The Stream, March 26: Climate Change Slows Down the Atlantic Ocean

The  Global Rundown

The Global Rundown

Melting ice in Greenland has hindered normal circulation of the Atlantic that brings heat north from the tropics. California residents don’t think their neighbors are doing enough to conserve water, and many citizens of Ireland may refuse to pay their water bills. Flooding has killed four and interrupted copper mining in northern Chile, and cholera will continue to hurt Haiti until the necessary water supply and sanitation improvements are made.

“We’re not paying it. We don’t have it.” — Sarah Murphy, Irish citizen whose family of 5 lives on $73 a week after rent and electricity, on new charges for water in Ireland. (New York Times). 

By the Numbers

By The Numbers

66 percent – portion of Californians that believe others in their part of the state aren’t doing enough to conserve water, according to a poll by the Public Policy Institute of California. The same number agree that regional water supply is a big problem. Mercury News

Four – number dead in floods that swept through northern Chile this week after the heaviest rains in about 80 years. Mining operations were interrupted and residents evacuated from cut off villages. Climatologists have made it clear that the rain will do little to alleviate Chile’s 8 year drought. Reuters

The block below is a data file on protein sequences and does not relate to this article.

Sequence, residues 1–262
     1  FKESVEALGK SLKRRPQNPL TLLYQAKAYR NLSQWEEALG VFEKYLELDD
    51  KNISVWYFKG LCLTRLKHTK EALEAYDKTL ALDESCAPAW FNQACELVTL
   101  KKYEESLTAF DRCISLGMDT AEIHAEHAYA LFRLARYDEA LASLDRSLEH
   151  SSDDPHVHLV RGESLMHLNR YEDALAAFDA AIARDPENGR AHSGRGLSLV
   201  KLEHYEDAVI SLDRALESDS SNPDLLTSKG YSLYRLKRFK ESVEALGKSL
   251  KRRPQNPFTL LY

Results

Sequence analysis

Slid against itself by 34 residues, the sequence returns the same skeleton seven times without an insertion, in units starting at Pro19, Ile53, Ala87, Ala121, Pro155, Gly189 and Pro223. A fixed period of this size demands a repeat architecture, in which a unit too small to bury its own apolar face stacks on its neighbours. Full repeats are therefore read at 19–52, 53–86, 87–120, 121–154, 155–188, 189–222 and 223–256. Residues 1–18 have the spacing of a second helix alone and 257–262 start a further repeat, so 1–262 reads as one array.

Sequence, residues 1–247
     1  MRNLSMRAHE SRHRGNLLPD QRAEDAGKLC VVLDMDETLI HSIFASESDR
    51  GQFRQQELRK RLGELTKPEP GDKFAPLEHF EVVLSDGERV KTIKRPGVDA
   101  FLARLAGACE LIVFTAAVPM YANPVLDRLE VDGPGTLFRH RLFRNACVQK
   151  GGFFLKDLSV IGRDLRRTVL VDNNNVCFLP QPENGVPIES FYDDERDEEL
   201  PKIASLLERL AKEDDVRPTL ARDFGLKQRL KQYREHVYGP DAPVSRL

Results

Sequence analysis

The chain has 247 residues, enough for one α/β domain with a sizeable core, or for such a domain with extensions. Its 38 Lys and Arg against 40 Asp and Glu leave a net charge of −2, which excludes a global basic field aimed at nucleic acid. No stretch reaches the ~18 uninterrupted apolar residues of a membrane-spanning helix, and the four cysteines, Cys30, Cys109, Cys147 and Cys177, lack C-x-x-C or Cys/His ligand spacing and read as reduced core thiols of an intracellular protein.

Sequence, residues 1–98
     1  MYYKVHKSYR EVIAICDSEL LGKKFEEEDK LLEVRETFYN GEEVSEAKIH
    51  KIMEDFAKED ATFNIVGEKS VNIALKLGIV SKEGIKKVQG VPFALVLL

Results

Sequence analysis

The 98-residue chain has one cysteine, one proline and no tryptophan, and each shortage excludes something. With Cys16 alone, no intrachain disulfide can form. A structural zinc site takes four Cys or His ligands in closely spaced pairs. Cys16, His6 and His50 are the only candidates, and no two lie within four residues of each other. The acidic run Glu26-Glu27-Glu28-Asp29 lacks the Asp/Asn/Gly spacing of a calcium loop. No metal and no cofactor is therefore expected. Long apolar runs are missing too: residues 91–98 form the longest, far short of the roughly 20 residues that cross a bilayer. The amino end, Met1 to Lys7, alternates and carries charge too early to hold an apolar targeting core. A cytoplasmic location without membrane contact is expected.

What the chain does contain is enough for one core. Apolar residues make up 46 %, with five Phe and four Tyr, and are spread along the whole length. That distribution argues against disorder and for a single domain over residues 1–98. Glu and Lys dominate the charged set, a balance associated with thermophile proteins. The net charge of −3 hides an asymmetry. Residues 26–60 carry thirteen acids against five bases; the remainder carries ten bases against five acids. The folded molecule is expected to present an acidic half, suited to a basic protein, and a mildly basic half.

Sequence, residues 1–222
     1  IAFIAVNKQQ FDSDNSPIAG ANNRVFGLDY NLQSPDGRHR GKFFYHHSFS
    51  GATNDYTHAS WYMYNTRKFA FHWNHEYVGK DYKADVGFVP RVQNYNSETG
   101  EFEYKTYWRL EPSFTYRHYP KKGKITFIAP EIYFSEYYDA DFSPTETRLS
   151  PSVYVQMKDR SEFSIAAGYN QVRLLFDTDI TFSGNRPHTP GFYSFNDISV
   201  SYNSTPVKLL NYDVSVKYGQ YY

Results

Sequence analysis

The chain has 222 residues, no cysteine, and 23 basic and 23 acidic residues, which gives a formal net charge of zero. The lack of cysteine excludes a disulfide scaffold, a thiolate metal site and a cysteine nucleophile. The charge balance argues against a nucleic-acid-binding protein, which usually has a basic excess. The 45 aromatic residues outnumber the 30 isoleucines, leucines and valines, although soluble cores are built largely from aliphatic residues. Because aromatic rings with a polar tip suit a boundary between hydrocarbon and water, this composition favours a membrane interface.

Science

Science, Studies, And Reports

Circulation in the Atlantic Ocean is weakening due to mass glacier melt in Greenland, according to new research published Monday in Nature Climate Change. The AMOC, or Atlantic meridional overturning circulation, is like an ocean conveyor belt that brings heat from the tropics to the northern high latitudes, and it has weakened dramatically since 1970. If the weakening continues, the climate system could bring heat north via alternative pathways, i.e. severe storms. The AMOC also plays an essential role in bringing deep sea nutrients up to fish in shallower regions, so a dying AMOC could harm fisheries. Climate Central

On the Radar

On The Radar

Experts say that cholera will continue to kill Haitians until the necessary improvements in water and sanitation access are made. 1000 new cases of the disease are reported each week in a country where 40 percent of the population do not have access to clean water. Reuters

Some Irish are vowing not to pay newly imposed charges on water. Although the deadline to register with the new water authority has been extended three times and $US 110 (100 Euros) has been offered to families that sign up, one third of households in the country have flat-out refused. There are also expectations of widespread refusal to pay in April, when the bills are sent out. New York Times

 is both a scientist and a journalist, helping to drive Circle of Blue’s reporting with data and research. She holds an MS in Environmental Engineering from Michigan Technological University, and she brings proficiency in ESRI’s ArcGIS mapping software.

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